Friday, May 9, 2014

Those who can do more, teach!

I'm of the mindset that you have to LOVE being a teacher. The moment you tolerate it, regret getting up early, grading papers, dealing with parents and administrators, facing teens (or whatever age group you have), you should just retire from the profession and find something else. There was an expression I used to hear a lot when I was in college:
"Those who can, do; those who can't, teach."
For reasons passing understanding, people felt (and still do feel) that that expression is acceptable. I don't want to spend valuable blog space refuting it. It's just not true for me and my colleagues. If you don't believe me, be a substitute teacher in a classroom (elementary is preferred for this: try working with 20 - 30 little ones all day long and see if you think it's an easy thing to do). I ascribe to something a bit more realistic:
"Those who can, do; those can do more, teach."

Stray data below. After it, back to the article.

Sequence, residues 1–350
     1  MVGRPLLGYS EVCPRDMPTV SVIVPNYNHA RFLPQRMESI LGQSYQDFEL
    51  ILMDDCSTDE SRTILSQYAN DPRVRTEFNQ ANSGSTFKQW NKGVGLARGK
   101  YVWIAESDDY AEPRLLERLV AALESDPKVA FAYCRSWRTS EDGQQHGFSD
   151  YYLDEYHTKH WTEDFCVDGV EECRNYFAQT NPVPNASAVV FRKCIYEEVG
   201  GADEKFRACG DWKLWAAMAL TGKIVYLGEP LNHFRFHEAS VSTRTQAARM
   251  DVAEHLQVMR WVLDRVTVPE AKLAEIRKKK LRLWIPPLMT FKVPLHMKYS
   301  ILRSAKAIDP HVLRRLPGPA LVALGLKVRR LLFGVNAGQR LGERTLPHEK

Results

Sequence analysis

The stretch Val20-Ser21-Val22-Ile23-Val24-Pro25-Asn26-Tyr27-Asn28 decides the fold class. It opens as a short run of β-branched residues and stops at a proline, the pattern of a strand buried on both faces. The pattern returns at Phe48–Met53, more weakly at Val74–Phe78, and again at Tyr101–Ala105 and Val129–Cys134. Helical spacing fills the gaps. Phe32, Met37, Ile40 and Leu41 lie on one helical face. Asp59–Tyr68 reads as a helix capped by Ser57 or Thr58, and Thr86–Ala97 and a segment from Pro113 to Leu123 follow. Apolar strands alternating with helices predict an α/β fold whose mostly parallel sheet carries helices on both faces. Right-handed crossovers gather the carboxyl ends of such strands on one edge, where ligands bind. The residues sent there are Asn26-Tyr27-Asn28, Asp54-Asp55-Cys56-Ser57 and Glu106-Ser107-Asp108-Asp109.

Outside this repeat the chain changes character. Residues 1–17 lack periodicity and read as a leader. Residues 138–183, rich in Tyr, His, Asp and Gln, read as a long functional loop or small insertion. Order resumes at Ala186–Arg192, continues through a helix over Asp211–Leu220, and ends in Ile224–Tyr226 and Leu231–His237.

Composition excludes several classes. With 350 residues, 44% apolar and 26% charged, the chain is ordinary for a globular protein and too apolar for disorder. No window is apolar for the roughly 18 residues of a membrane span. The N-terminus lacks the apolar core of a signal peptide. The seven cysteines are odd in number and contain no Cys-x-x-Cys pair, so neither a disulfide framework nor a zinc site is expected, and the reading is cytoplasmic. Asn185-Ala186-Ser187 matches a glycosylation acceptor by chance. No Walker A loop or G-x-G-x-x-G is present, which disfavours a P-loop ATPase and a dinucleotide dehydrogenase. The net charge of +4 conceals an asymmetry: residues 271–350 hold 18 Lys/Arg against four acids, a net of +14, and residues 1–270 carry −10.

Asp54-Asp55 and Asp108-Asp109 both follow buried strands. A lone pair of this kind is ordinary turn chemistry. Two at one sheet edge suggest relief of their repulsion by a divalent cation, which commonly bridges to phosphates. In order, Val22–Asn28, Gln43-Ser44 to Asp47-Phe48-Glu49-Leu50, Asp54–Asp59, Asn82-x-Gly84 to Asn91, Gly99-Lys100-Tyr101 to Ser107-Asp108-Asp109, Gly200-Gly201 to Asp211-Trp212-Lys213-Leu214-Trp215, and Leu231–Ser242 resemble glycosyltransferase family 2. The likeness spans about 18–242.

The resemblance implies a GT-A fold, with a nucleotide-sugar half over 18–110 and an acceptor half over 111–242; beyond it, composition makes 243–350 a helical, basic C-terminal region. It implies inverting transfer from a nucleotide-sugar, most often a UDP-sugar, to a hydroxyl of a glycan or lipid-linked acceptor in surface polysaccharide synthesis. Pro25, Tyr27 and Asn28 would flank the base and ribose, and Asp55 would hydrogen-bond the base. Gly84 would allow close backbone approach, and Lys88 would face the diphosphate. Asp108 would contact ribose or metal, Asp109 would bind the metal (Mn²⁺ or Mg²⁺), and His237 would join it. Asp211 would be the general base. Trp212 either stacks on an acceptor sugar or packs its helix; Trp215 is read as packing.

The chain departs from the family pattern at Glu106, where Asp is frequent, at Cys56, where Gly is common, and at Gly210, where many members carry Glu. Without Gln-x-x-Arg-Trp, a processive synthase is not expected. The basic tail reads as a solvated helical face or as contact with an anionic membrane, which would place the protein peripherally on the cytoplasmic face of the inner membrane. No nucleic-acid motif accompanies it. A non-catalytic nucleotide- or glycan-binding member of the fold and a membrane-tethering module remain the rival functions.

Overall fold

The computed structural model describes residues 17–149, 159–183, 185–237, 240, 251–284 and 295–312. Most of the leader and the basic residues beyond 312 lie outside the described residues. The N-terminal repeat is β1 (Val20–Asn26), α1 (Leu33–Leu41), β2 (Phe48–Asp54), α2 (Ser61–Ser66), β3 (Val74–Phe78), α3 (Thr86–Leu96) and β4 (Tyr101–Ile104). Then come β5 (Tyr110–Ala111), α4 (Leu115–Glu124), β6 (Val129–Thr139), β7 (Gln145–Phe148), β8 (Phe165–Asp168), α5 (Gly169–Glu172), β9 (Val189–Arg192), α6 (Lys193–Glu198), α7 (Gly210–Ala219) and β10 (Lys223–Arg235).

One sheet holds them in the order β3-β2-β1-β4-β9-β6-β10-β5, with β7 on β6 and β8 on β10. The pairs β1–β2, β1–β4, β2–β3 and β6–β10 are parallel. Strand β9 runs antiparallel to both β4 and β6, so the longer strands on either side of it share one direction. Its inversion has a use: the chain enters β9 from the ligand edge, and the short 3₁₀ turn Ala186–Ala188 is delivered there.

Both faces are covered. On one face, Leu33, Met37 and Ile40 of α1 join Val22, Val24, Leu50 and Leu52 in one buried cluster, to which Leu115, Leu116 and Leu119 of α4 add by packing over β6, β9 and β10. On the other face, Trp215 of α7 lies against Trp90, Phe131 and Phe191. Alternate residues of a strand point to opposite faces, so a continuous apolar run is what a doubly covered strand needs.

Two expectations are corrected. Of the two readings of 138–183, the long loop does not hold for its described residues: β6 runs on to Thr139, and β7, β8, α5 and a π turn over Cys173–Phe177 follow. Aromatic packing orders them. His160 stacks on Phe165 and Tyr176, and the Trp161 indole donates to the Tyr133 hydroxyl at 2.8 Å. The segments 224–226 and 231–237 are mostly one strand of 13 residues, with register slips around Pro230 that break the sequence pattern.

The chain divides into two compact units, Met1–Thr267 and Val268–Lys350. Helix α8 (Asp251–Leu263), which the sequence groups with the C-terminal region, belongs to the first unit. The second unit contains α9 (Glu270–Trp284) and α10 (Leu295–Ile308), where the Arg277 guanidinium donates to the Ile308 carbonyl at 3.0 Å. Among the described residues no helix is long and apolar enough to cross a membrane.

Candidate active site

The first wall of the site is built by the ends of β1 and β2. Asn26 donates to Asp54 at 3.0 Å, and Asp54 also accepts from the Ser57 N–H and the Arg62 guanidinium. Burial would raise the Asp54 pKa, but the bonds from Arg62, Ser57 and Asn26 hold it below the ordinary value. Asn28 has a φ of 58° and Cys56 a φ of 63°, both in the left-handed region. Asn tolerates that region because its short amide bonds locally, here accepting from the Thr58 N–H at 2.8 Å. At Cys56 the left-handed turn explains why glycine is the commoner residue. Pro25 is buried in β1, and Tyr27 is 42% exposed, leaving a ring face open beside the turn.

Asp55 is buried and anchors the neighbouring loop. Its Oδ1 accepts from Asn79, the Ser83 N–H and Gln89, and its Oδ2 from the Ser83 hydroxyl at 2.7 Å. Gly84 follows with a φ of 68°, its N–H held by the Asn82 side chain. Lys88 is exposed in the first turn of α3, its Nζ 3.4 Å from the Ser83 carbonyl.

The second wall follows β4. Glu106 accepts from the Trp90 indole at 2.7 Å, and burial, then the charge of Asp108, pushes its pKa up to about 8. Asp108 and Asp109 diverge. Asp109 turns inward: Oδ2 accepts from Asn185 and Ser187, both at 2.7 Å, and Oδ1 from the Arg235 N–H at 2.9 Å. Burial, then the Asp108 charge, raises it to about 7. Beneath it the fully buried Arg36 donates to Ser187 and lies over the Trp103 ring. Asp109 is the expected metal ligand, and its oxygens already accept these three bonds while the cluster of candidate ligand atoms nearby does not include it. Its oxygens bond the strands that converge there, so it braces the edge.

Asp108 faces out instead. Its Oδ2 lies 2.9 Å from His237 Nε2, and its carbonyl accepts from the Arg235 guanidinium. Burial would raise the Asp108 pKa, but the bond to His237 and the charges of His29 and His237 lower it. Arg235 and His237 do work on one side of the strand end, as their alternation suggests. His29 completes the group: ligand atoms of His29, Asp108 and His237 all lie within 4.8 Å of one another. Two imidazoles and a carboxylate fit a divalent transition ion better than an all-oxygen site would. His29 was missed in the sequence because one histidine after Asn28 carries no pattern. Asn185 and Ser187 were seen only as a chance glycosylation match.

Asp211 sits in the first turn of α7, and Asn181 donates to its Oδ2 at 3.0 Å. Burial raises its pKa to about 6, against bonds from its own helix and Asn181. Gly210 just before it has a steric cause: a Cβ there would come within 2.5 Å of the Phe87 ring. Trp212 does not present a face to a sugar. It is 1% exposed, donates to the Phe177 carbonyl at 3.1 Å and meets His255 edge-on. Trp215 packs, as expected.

Now that's something I can agree with. And, it doesn't have to be teaching in a traditional academic environment, either. Teaching anyone anything applies. If you have a particular skill or area of expertise, then share it with others. It's not enough to DO a job. It's better to share what you know so that others can benefit, too.

If you're a good cook, teaching someone who doesn't know how. If you're a good writer, offer to work with a budding one. People also improve their own skills when they share them with other people, especially when it forces the teacher to learn more about his or her area. Being a role model is rewarding, and knowing you've helped improve someone's life or given him or her something that will be beneficial is "good karma."

Having the patience to work with someone else in any capacity is not everyone's strength; however, it makes what you do more pleasant when you know you have to stay on top of your game, just in case someone asks you for help.

Academic teachers train for many years, put in countless hours at work, deal with obstacles beyond comprehension, and are most assuredly underpaid for the work they do. And, here's a little secret... most teachers I know would gladly work through the summer and get paid regularly (with time off spread out throughout the year). So, while we go have vacation time and three day weekends (not to mention summers off), we oftentimes don't get compensated for that extra time we put in.

I know I can do more, and that's why I teach.
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